Texas Attorney General Says ERCOT Re-pricing Within PUC's Authority, Does Not Raise Constitutional Concerns If Action Furthers A Compelling Public Interest
March 17, 2021 Email This Story Copyright 2010-21 EnergyChoiceMatters.com
Reporting by Paul Ring • firstname.lastname@example.org
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Texas Attorney General Ken Paxton has issued an opinion finding that re-pricing the ERCOT market is within the Texas PUC's authority and does not raise constitutional concerns if such action furthers a compelling public interest
As previously reported, the lieutenant governor had asked the AG for an opinion regarding: "Whether under the Utilities Code the Public Utility Commission has the legal authority
to issue orders affecting pricing for the wholesale electricity market and ancillary services?"
Summarizing the request from the lieutenant governor, the AG's opinion states, "In response to the 2021 Winter Emergency, you state that the Texas Senate passed Senate
Bill 2142 to correct the pricing of wholesale electricity and ancillary services during the period
beginning at 11:55 PM on February 17, 2021, and ending at 9:00 AM on February 19, 2021 (the
'Correction Period'). Request Letter at 1. You inquire whether the Commission has the authority
to issue orders correcting the pricing of certain aspects of the Texas electricity market during the
Correction Period. Id. While the question presented generally speaks to authority under the
Utilities Code, we note that your specific question relates to the electricity market, thus we limit
our opinion to the relevant title of the Utilities Code (Title 2, also known as the Public Utility
Regulatory Act ('PURA'), and subtitle B of such Act as it relates to electric utilities) and the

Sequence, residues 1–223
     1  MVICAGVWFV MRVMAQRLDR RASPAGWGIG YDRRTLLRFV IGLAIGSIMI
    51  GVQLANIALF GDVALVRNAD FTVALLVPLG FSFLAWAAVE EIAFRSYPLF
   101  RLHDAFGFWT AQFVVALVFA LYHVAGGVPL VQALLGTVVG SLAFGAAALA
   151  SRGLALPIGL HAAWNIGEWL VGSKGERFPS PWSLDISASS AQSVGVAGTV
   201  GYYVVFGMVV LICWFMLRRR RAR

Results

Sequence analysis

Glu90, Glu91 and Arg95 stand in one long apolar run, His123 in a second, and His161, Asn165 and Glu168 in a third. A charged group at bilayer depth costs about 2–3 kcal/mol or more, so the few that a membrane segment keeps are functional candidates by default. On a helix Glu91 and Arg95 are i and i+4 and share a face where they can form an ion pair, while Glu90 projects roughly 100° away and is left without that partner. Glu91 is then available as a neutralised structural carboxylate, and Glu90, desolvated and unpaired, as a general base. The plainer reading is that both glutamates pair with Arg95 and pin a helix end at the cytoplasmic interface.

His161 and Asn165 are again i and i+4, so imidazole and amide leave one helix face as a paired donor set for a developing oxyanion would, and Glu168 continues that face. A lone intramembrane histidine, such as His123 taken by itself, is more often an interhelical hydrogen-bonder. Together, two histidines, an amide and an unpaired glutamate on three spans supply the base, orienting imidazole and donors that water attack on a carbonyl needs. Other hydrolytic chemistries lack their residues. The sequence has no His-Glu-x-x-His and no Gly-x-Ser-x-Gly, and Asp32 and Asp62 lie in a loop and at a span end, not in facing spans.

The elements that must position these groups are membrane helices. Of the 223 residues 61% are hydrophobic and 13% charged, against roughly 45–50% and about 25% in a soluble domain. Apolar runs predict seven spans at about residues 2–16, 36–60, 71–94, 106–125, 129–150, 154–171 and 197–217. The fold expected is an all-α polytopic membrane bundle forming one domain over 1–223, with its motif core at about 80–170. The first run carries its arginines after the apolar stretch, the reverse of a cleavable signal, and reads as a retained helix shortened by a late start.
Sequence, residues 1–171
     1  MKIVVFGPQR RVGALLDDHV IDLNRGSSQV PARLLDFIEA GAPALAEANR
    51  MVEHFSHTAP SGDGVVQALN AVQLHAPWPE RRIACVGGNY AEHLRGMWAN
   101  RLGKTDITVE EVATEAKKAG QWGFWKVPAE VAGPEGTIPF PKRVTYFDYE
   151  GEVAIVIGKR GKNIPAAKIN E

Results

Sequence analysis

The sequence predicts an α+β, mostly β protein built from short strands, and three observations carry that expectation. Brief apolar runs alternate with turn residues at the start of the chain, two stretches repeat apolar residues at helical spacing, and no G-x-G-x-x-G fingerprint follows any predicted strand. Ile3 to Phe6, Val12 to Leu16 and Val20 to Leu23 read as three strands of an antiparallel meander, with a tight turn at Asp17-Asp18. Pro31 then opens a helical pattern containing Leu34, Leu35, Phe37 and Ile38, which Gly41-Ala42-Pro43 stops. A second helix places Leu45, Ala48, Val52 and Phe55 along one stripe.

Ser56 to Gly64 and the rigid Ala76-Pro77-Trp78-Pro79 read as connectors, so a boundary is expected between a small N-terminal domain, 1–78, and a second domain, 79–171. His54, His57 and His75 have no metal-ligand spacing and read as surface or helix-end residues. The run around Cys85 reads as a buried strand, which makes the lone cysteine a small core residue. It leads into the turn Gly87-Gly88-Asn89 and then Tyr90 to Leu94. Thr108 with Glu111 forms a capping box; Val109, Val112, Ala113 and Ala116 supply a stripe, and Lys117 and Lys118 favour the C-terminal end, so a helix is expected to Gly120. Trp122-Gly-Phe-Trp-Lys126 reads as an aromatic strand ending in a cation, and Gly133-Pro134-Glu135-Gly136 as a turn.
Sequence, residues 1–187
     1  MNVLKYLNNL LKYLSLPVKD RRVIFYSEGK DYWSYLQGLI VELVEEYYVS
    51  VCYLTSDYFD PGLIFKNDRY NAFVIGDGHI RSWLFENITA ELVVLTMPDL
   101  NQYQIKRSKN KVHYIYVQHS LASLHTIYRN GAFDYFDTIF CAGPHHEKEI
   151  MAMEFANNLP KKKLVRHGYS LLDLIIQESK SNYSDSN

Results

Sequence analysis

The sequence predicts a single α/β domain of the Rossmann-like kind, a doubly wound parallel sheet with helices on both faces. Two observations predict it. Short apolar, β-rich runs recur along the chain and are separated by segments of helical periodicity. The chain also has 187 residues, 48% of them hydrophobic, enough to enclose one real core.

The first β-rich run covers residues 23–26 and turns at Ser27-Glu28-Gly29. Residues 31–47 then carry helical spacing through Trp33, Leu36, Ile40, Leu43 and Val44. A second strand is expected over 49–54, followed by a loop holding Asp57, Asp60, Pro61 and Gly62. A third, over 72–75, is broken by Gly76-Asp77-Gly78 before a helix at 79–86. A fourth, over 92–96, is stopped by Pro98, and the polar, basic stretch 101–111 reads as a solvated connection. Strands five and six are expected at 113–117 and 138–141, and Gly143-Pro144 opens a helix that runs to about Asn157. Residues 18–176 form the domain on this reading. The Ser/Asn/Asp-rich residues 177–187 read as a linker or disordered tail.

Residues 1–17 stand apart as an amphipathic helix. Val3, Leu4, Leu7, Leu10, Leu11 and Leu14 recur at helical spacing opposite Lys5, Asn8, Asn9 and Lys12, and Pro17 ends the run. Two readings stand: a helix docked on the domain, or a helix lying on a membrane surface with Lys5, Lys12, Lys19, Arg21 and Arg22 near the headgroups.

constitutional issues presented by your question."
The AG's opinion, in summation, states, "The Utilities Code gives 'complete authority' to the Public Utility Commission to adopt and enforce rules relating to reliability and accounting for the production and delivery of electricity among market participants. Specifically, subsection 39.151(d) of the Utilities Code authorizes the Public Utility Commission to oversee and investigate the independent organization (ERCOT) as necessary to ensure ERCOT’s accountability and to ensure that it adequately performs its functions and duties. Within the regulatory timelines, ERCOT can also revise pricing on the wholesale electricity market if certain events occur."
"Under the plain language of subsection 39.151(d), the Public Utility Commission has complete authority to act to ensure that ERCOT has accurately accounted for electricity production and delivery among market participants in the region. Such authority likely could be interpreted to allow the Public Utility Commission to order ERCOT to correct prices for wholesale electricity and ancillary services during a specific timeframe," the AG's opinion states